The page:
The Hidden Treasure of Snæfellsjökull: Another legend associated with Snæfellsjökull is that of hidden treasure. According to the legend, a band of pirates buried their loot near the base of the volcano centuries ago. It is said that the treasure is guarded by a spirit who will only reveal its location to those who are pure of heart.
The Ghost of the Glacier: In Icelandic folklore, it is believed that the ghost of a woman haunts the glacier of Snæfellsjökull. According to the legend, the woman was a resident of a nearby village who fell in love with a wealthy merchant. When the merchant refused to marry her, she threw herself into the glacier and became a ghost who wanders the land to this day.
These are just a few of the many legends associated with Snæfellsjökull, and they continue to fascinate and inspire visitors to this day.
March 14, 2023
The Snæfellsnes peninsula is home to a variety of bird species, both resident and migratory.
One of the most notable birds in the Snæfellsnes peninsula is the white-tailed eagle, also known as the sea eagle. This bird of prey is one of the largest in Europe and can be seen soaring over the coastal cliffs and fishing in the surrounding waters. Other birds of prey in the area include the gyrfalcon and the peregrine falcon.
The rocky coastal cliffs and seashores of the peninsula provide ideal nesting habitats for a variety of seabirds, including puffins, guillemots, and kittiwakes. These birds can be seen perched on the cliffs, diving into the sea to catch fish, or flying in large flocks along the coastline.
Inland, the Snæfellsnes peninsula is home to several bird species that inhabit the moors and grasslands. These include the red-throated pipit, meadow pipit, and northern wheatear. The area also supports a healthy population of waterfowl, such as the Eurasian wigeon, tufted duck, and common eider.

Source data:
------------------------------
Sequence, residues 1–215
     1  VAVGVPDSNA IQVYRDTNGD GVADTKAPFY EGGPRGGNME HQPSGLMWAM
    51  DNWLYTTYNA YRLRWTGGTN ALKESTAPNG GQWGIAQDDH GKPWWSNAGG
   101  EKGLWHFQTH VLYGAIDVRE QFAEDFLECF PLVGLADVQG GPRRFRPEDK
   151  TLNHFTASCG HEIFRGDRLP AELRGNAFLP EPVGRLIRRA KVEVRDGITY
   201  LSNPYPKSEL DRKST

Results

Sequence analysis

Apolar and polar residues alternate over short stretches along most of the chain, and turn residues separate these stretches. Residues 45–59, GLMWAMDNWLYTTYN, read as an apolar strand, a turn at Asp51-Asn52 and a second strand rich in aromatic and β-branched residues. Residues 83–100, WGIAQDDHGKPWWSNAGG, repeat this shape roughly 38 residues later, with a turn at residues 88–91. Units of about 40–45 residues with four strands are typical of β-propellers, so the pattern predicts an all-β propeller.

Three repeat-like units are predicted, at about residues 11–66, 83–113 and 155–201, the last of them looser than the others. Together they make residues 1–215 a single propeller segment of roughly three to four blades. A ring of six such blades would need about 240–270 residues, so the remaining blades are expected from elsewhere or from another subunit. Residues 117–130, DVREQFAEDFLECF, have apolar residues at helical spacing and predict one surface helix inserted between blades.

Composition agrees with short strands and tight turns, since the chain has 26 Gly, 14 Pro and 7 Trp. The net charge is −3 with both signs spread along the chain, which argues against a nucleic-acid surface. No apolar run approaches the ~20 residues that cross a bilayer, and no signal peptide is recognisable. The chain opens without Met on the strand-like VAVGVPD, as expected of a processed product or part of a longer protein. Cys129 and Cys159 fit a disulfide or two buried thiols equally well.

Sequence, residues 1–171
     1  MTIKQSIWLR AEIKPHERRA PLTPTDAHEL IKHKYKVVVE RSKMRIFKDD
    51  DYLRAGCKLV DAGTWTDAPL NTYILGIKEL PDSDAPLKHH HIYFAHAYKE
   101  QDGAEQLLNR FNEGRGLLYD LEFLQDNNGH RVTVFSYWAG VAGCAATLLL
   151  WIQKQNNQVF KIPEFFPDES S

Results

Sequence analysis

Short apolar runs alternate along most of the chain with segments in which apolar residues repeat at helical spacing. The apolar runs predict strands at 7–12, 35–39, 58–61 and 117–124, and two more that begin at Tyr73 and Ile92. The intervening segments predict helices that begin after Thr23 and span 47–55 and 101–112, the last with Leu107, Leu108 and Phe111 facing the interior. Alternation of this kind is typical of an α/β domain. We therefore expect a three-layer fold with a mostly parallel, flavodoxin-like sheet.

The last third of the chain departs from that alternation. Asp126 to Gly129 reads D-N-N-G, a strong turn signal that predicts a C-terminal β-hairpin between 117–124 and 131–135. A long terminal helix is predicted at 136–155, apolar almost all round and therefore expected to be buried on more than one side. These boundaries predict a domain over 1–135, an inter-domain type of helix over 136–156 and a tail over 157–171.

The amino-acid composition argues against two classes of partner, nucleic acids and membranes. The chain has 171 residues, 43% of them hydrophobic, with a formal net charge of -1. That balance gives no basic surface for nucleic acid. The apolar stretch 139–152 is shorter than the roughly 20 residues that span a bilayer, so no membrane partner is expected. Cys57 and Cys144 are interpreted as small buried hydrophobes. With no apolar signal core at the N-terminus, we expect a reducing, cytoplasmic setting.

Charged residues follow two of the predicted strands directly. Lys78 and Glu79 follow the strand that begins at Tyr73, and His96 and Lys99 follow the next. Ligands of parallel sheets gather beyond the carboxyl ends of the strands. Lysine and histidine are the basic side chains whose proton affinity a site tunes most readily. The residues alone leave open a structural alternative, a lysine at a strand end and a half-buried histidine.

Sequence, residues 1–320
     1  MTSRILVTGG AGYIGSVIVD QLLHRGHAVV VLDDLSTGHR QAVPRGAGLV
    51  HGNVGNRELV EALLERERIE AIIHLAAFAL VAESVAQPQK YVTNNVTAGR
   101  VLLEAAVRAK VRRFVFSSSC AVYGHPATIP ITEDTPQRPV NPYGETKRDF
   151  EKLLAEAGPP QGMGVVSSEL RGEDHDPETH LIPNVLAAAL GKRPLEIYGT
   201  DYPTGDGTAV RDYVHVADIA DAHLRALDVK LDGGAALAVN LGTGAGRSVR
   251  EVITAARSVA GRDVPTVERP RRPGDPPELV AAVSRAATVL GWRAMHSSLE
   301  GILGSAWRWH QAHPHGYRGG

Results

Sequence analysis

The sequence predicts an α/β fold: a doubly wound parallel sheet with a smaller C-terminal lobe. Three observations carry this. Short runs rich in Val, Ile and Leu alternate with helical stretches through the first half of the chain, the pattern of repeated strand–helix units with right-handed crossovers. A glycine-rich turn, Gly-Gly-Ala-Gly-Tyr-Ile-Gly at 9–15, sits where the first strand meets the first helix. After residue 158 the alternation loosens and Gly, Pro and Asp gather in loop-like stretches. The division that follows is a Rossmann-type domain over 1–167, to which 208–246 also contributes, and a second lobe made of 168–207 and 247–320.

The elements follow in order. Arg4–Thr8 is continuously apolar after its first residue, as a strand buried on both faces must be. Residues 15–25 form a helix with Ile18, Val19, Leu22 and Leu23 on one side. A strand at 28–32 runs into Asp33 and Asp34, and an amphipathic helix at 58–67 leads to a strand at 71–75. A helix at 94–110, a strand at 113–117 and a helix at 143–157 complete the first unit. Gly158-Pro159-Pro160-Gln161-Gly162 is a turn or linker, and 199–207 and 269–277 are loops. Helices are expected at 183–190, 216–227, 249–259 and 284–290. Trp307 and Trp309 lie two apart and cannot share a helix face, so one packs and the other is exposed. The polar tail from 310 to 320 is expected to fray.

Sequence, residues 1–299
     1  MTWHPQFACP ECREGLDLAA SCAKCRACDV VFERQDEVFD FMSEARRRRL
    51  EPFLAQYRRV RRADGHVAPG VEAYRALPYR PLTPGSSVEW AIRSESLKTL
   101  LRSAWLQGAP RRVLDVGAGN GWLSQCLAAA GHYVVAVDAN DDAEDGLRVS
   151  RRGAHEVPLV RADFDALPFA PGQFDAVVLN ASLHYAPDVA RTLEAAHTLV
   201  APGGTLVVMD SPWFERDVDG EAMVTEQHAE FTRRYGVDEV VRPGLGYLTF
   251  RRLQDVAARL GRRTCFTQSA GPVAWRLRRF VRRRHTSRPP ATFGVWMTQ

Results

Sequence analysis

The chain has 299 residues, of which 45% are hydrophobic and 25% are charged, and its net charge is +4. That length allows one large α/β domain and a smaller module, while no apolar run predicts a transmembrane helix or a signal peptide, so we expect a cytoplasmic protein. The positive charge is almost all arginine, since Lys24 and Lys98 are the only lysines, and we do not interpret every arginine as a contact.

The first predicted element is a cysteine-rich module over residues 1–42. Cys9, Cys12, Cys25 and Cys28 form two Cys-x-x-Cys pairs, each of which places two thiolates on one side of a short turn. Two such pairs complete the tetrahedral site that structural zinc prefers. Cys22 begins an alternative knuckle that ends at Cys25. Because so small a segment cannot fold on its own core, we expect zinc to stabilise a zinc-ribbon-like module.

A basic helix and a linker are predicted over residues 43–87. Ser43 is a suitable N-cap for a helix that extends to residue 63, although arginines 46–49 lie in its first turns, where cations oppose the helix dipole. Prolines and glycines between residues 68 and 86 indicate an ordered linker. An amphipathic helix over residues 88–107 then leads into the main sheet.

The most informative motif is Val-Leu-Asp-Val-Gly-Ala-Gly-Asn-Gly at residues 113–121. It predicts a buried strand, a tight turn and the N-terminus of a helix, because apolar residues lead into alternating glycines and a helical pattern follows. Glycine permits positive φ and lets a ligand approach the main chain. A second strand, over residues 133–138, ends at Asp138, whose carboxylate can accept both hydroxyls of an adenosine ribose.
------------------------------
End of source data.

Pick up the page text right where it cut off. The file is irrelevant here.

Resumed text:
During the summer months, the Snæfellsnes peninsula is also an important breeding ground for several migratory bird species, including the whimbrel, golden plover, and dunlin. These birds travel from their wintering grounds in Africa and Europe to breed in the Arctic regions of Iceland.
Overall, the Snæfellsnes peninsula offers bird enthusiasts a diverse range of species to observe and study, making it a popular destination for birdwatching in Iceland.
March 09, 2023
Snæfellsnes is known for its stunning landscapes, diverse wildlife, and unique geological features. Here are some of the top attractions in Snæfellsnes:
Snæfellsjökull National Park: This park is home to Snæfellsjökull glacier, which is one of the most iconic landmarks in Iceland. The park also features lava fields, black sand beaches, and stunning coastal vistas.
Kirkjufell mountain: As you might know from our site, Kirkjufell is a distinctive and picturesque mountain that attracts photographers and hikers from around the world.
Djúpalónssandur Beach: This black sand beach is known for its dramatic rock formations and is a popular spot for hiking and bird watching.
Vatnshellir Cave: This lava tube cave offers visitors the chance to explore underground and see some of the unique geological features of the Snæfellsnes peninsula.
Hellnar Village: This small fishing village is located on the coast of Snæfellsnes and offers visitors the chance to experience traditional Icelandic culture and cuisine.
Lóndrangar Cliffs: These towering sea cliffs are a popular spot for bird watching and offer stunning views of the surrounding coastline.
Arnarstapi Village: This picturesque village is known for its historic architecture, stunning coastal vistas, and hiking trails.
Eldborg Crater: This volcanic crater offers visitors the chance to hike to the top and enjoy panoramic views of the surrounding landscape.
Rauðfeldsgjá Gorge: This narrow gorge features a beautiful waterfall and is a popular spot for hiking and photography.
Whale watching: Snæfellsnes is home to a diverse range of marine wildlife, including whales, dolphins, and seals, making it an excellent destination for whale watching tours.